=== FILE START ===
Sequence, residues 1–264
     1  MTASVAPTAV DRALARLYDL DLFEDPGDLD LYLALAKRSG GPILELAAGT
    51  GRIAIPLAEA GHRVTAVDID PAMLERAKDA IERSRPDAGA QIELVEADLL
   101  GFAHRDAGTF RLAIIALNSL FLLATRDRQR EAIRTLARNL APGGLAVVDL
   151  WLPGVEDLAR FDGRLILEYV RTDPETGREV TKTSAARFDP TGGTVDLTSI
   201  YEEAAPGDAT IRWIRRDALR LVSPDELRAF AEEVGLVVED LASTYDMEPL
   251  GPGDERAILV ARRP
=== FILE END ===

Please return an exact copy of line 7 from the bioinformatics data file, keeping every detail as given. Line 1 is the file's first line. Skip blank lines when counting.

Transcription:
   251  GPGDERAILV ARRP